Taking questions in Melbourne on Friday, Bill Shorten couldn’t resist a dig at News Corp journalists in one of his replies.
Mr Shorten had been asked by a reporter from The Australian whether changes to fringe benefits tax and capital gains tax were “on the table”, whether revenue from carbon pricing would help Labor close the funding gap in its current budget plans, and what he thought the future was for negative gearing tax breaks.
All of those topics are political hot potatoes, so without giving away too much Mr Shorten said he hoped The Australian would allow them to be fully debated rather than launching a “scare campaign”.
Labor suffered just such a scare campaign over the introduction of carbon pricing in 2011 – a significant factor in the election of Tony Abbott as prime minister.
It is no coincidence that Mr Shorten chose a reporter from The Australian for his acerbic aside – that paper played a prominent role in fostering Mr Abbott’s insupportable assertion that the emissions trading scheme was a “wrecking ball” through the economy.
Other News Corp publications were worse – the Daily Telegraph took the prize with its April 2013 story ‘Carbon collapse – catastrophe as a firm fails every hour’, in which it noted that 11,000 small businesses had gone bust under carbon pricing, without mentioning that 187,000 businesses had been created in the same period.
As detailed previously, stories like that helped drive down consumer trust in those mastheads, well below the (also falling) trust levels in Fairfax papers.
It will be interesting to see in coming months how those two major news publishers respond to the unfolding reform agenda of the Turnbull government.
Mr Shorten doesn’t want a scare campaign on the fringe benefits tax, capital gains tax, negative gearing or carbon pricing … but he does want one on the GST.
It’s unlikely that News Corp mastheads will oblige, but does that mean it’s Fairfax’s turn? We should all hope not.
Suddenly Australia is on the brink of significant economic reform, larger in scale than anything seen since John Howard’s introduction of the GST or Paul Keating’s introduction of enterprise bargaining and the super guarantee.
On the one hand (and despite it not yet being confirmed by the government), the move toward a higher value-added tax (the GST) seem inevitable – and could easily be made into a boon for working Australians, contrary to Labor’s pre-emptive scare campaign.
On the other hand, Labor is hinting at greater and greater in-roads into a range of productivity-sapping tax handbacks – including those Mr Shorten was asked about on Friday.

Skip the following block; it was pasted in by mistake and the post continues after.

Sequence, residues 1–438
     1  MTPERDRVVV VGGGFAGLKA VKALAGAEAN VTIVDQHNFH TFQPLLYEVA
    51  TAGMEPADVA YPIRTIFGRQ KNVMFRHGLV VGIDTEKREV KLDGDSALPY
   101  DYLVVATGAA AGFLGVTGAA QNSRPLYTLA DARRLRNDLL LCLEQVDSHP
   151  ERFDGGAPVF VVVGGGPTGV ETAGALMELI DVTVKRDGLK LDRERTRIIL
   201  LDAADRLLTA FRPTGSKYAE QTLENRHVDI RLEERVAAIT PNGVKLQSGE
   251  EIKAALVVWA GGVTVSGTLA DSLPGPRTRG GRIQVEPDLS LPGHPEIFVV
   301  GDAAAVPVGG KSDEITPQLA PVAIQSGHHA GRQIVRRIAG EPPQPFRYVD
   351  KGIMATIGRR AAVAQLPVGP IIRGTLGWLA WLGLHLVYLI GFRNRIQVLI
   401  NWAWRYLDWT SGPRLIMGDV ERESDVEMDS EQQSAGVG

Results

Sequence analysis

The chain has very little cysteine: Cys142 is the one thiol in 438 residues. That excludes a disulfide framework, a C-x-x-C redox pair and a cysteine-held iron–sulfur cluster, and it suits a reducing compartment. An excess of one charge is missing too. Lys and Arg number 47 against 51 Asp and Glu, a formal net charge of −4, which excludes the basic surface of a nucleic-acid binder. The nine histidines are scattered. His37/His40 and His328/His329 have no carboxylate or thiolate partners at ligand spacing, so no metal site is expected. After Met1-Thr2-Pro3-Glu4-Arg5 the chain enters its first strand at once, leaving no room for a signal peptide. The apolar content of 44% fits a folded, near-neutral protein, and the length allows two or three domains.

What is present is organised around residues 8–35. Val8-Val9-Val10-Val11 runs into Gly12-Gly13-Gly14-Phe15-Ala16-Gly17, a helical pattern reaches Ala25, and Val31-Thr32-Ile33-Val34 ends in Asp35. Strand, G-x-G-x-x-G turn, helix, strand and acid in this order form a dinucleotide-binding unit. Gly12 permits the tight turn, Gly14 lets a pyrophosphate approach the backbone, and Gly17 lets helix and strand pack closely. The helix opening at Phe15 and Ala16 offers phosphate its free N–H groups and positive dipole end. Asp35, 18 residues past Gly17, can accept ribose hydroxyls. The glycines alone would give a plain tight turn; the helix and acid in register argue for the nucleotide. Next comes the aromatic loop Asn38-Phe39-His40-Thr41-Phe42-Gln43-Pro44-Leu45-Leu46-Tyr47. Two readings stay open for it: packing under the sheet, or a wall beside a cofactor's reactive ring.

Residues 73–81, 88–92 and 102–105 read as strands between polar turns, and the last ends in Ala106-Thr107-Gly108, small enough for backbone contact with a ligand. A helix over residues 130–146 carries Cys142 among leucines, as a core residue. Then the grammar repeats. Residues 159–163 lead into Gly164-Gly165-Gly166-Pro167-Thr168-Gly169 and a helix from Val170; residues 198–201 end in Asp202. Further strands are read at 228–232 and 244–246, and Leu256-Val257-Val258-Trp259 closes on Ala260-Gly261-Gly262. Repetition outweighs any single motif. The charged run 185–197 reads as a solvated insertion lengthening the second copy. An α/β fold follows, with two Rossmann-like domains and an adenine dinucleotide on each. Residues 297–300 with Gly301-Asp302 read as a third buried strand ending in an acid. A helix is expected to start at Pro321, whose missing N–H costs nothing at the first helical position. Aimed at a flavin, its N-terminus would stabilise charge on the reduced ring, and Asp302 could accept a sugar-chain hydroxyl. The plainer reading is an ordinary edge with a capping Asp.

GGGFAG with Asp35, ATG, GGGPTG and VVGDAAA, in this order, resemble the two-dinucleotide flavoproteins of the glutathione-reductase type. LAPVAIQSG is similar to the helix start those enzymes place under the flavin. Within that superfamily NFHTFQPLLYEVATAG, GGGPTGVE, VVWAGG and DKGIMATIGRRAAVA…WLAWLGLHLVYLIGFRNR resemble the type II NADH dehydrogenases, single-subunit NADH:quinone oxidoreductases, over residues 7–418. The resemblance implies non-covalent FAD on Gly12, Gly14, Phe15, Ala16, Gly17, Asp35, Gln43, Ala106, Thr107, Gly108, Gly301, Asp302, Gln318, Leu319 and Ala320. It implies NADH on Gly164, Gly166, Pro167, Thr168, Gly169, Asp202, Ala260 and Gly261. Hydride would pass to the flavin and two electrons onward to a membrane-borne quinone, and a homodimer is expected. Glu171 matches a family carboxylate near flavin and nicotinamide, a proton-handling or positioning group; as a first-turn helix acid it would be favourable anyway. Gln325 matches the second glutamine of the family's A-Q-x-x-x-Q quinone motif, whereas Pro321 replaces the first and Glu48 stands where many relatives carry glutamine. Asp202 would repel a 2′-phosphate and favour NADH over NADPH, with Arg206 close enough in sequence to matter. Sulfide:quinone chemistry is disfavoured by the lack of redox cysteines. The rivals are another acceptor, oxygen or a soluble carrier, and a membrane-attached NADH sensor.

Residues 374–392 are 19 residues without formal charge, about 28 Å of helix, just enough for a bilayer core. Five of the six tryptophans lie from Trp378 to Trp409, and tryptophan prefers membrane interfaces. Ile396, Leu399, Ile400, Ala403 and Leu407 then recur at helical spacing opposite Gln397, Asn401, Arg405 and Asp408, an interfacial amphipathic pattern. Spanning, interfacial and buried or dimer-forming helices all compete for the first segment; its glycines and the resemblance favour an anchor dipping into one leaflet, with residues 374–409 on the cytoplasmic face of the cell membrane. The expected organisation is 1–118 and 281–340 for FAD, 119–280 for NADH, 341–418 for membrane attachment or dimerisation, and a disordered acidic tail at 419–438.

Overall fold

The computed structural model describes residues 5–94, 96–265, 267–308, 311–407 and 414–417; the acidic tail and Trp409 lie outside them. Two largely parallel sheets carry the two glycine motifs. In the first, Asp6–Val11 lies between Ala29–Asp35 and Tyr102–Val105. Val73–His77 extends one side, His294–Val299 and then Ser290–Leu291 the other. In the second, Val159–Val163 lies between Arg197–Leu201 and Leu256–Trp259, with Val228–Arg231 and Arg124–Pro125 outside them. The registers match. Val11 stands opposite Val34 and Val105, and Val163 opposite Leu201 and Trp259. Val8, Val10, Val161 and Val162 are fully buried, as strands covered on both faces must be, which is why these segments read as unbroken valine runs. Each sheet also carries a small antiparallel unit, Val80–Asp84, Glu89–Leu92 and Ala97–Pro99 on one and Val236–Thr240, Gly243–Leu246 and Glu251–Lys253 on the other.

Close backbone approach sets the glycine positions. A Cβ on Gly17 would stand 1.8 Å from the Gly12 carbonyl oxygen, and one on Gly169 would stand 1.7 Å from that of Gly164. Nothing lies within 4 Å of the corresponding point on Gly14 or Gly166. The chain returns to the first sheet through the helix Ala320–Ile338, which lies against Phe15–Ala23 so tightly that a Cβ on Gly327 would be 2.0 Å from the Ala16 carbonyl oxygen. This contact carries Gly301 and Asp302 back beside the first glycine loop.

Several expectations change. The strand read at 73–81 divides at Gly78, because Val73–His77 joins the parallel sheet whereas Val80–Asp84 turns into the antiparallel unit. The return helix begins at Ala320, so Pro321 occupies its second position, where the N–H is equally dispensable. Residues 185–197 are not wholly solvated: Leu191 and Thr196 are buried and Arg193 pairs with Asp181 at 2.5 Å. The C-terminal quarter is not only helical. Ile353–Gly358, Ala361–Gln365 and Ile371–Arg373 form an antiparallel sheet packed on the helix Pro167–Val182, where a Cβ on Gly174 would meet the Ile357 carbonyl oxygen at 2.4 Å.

But neither of those major reforms will get up if sections of the news media take antagonistic and partisan positions on policies that most economic thinkers broadly agree on.
Mr Shorten spoke on Friday about the Australian tax system showing a ‘bell-shaped’ relationship between income levels and contributions to the tax revenue needed to run the country.
What that means is that at low-income levels, people pay little tax. The tax load grows as you move into the middle-income brackets, but then declines again for the very wealthy.
That’s a problem for which both sides of politics will present solutions: the Coalition via a GST increase offset with compensation; Labor with cuts to the generous tax-minimisation schemes offered to wealthy Australians.
I have already argued that the latter is less likely to win political support because there are simply too many people using those legal tax minimisation schemes. They would have to be slashed to balance the budget, and human nature being what it is many will find it hard to put national interest ahead of the advice they receive from their accountants.
But whether we’re discussing reining in tax breaks or raising the GST, the important thing to remember is that both are genuine economic reforms – the kind that Tony Abbott would have ripped apart from opposition, or hastily taken off the table as Prime Minister.
Mr Abbott’s political expediency on these issues was brought into clearest relief by the outgoing Treasurer Joe Hockey, who admitted in his last speech that “through a comprehensive review of the tax system I endeavoured, and failed, to keep all options on the table”. Yep, Tony took ’em off.
Well, some of the options are making a comeback and it’s incumbent on the news media to examine them on their merits.
And, of course, it’s the responsibility of audiences to spot partisan scare campaigns and file them appropriately – in the nearest rubbish bin.